Sunday, December 13, 2009

The Paper (1994)

Henry Hackett (Michael Keaton) is a newspaper editor and part of an insane world. He has a wife (Marisa Tomei) who is very pregnant and seemingly going very crazy, he has a reporter that insists his chair at work is debilitating him, he has another reporter (Randy Quaid) that insists a city official is out to kill him and Hackett just interviewed for a job that he got, but doesn’t want, but it may mean his marriage if he doesn’t take it. Then throw in a seemingly racially motivated murder that was pinned on a couple of teenagers who are innocent and Henry is on one side of the story and Alicia is, of course, on the other.

Close and Keaton square off in this fast-paced, thoroughly enjoyable movie

I love movies that are about newspaper folks who are out to get a story and will sell their grandma to get it. You know, sell grandma in a good way. There is something so noble yet conniving at the same time about journalism in general and I think that makes great material for a movie.

I also love movies that are witty, fast-paced, wonderful ensemble casting and a conflict of a good person trying to do the right thing - no matter how hard or crazy it seems. It may sound like a cliche, but this movie has all of that and more.

One of the major themes throughout this movie is about choices and Keaton plays a man trying to keep his life together and figure out how to make it work. He is a workaholic about to become a father and can't seem to figure that there has to be a work/personal life balance. I like that he plays a guy that is so on top of things at work and so clueless about anything else. He is a delight to watch fast-talk and smart-ass his way in and out of trouble throughout the movie.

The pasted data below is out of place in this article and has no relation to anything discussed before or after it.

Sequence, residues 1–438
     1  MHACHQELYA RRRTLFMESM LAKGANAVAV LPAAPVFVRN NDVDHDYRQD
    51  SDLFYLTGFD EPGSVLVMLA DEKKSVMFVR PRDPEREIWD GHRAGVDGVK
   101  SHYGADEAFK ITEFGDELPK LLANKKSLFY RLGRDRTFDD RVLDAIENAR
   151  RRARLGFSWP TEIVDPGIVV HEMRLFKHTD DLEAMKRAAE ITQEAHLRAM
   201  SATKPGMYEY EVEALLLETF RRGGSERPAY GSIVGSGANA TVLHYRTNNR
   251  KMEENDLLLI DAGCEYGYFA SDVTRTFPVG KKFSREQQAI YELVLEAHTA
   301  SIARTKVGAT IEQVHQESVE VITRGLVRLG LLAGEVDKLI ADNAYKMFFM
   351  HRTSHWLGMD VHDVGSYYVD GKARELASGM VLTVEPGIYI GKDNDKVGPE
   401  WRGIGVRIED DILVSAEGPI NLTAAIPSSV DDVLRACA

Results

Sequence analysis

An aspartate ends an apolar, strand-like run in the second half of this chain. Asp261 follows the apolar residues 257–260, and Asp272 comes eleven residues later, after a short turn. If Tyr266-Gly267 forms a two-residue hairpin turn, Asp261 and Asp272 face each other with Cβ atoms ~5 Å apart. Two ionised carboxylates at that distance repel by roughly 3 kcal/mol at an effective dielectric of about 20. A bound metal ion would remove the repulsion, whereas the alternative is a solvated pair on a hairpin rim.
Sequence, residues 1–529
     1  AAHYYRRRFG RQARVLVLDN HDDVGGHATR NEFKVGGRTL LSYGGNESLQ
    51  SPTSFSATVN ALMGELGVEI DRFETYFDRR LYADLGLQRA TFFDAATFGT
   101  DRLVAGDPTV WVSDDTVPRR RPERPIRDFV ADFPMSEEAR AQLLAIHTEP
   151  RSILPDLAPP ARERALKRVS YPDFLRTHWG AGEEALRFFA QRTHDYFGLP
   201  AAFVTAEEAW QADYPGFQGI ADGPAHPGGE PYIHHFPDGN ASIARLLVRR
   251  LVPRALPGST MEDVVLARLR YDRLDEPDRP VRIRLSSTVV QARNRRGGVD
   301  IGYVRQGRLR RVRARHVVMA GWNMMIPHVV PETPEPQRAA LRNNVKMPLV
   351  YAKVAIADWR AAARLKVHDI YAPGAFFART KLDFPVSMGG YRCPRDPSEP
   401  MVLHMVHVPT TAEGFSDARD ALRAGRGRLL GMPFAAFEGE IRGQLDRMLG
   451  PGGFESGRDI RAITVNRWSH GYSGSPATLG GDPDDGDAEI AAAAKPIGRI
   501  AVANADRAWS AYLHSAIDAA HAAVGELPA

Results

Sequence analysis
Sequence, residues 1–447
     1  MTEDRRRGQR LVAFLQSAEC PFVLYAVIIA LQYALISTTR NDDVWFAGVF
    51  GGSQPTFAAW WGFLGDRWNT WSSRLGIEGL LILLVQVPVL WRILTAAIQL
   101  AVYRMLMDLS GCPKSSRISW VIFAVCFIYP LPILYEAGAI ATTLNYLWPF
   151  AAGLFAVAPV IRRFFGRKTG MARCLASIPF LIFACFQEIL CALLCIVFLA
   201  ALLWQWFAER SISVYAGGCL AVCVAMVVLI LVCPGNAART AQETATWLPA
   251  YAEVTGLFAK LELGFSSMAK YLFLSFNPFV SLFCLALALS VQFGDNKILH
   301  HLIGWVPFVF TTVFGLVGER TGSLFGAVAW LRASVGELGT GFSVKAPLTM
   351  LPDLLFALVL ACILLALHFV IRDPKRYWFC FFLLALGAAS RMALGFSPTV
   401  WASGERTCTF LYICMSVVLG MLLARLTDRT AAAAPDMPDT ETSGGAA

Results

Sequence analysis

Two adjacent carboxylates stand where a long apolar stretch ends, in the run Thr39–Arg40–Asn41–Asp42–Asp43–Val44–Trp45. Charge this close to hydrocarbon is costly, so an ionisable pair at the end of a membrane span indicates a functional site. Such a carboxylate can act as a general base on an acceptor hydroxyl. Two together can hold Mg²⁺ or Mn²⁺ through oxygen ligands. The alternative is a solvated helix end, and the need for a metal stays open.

It also amazes me how the director, Ron Howard, is so masterful at ensemble films. He weaves so many character's stories into this film without feeling like you are short-changing the main character, because they all revolve around him in some way and telling the story of the people close to him furthers his story too. That also helps with the fast pacing and keeping the audience interested because much like an ensemble TV drama - the focus is jumping around to other characters to always keep things moving.

The script on this one is phenomenal with great one-liners. Here are a few of my favorites:

Henry Hackett (Michael Keaton): “Boy, sometimes you can just smell the horrendously shitty day on the way, can’t you?”

Bernie White (Robert Duvall): “Don’t ask marital advice from the guy with two ex-wives and a daughter who won’t speak to him. The problem with being my age is everybody thinks you’re a father figure, but you’re really just the same asshole you always were.”

Henry Hackett (Michael Keaton): “When did you get so paranoid?”
Mike McDougal (Randy Quaid): “When they started plotting against me.”

The one, really over-the-top scene kinda surprised me. Towards the end, Close and Keaton actually end up in a physical fight. It was a little crazy and unbelievable, but I have to say, Close is one of the few women who could make it look like a possible fair fight in the scenario, so you don't feel too upset at Keaton for pickin' on a defenseless woman. :-)

I watched this a decade ago and after this, my second viewing, enjoyed it as much - if not more - the second time around. If you have never seen this one or haven't seen it since it came out - give it another watch. Plus, you gotta watch it for the funny John Wayne imitation Keaton does to mock Close. This is definitely a fun one.


kda0121 said...

I like this one quite a bit. Michael Keaton and Glenn Close worked well together as adversaries.


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